But there are obviously other factors too. If they work with women, men are at constant risk of accusations of bullying if they disagree. If they stare, it is sexual harassment. If they work with black or brown people, practically anything can be interpreted as racist (although they can never be victims of racism themselves). If they employ women, paying them less than men is misogyny, irrespective of the roles or hours worked. 

Increasingly, men risk accusations of rape and the onus to prove consent, years or decades later.

It is likely most men take their own lives because they believe they are failing. There are many reasons for that belief, but failure as a bread winner is probably the main one; protecting and providing for a family is hard-wired, notwithstanding the claims of radical feminists that it is social conditioning. So when men lose their job, fail at business or are simply unable to meet expectations, they suffer. The all-time highest rates of suicide were in 1930 during the Great Depression, when unemployment was huge.  

Libertarians believe in self-ownership and accept suicide is a matter of personal choice. But that does not preclude encouraging a different choice; indeed, it is arguably a moral obligation. The question is, how to do that? 

Society has many champions speaking up for women, children, Aborigines, gays and lesbians, but precious few for men. It needs more of them.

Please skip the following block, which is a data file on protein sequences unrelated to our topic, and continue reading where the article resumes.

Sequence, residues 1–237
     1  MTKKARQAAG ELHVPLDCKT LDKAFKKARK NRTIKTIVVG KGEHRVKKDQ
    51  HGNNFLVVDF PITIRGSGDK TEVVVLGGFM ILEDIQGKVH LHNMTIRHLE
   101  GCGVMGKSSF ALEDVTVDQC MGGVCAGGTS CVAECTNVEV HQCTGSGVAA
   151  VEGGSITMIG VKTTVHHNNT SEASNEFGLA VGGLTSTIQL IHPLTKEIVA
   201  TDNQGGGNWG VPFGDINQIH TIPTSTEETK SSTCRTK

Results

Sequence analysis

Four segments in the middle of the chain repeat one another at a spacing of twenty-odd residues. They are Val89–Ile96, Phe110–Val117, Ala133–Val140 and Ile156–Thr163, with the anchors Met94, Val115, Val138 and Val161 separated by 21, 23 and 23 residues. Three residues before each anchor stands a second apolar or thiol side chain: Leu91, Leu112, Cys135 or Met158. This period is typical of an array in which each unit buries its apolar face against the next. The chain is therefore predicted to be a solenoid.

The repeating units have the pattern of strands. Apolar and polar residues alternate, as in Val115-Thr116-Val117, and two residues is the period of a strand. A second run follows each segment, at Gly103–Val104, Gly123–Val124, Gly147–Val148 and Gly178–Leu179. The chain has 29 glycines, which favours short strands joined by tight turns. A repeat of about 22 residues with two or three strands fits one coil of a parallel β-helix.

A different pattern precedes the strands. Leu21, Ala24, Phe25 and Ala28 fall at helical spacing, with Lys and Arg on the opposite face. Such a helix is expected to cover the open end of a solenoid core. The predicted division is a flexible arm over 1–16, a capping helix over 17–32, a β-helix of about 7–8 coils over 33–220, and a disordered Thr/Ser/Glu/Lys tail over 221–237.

We need more people making the case for lower taxes and less red and green tape, so there is less unemployment and fewer business failures. We need more who refuse to judge others on the basis of gender, race or sexual preference. We need more who defend the role of masculinity in strong, brave and selfless men. And we need more who insist that children need their fathers. 

There’s something we can all do, and we might just save a life.

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  1. David, thank you for raising this very important, and often neglected, social issue. I myself am a member of an organisation that focuses exclusively on Men’s health and well being (especially their mental health). The organisation is called The Men’s Table, or TMT for short (, and I can strongly recommend this organisation to any man who is looking for meaningful connection and support from other Men. Excuse my language but one of their motto’s is ‘We just do not talk about footy & S*&#… ‘ . And, it’s an amazing fact that many Men who currently sit a ‘Tables’ have been referred to TMT by their wives, girlfriends and partners. Health Men, Healthy Masculinity, Healthy Communities. Again I encourage all reading this to check out the web site… We need much more publicity around the issue impacting Men in today’s society.

  2. Thoughtful piece David.
    Men are also over-represented in homelessness stats, although it seems the issue of homeless women gains more attention.
    Men are over-represented in stats on illegal drug use and high alcohol use, although they are not a priority population in the national drug strategy, and summaries of the stats on the AIHW site don’t mention men, when it seems like the elephant in the room.
    Men are also over-represented in offending and imprisonment stats.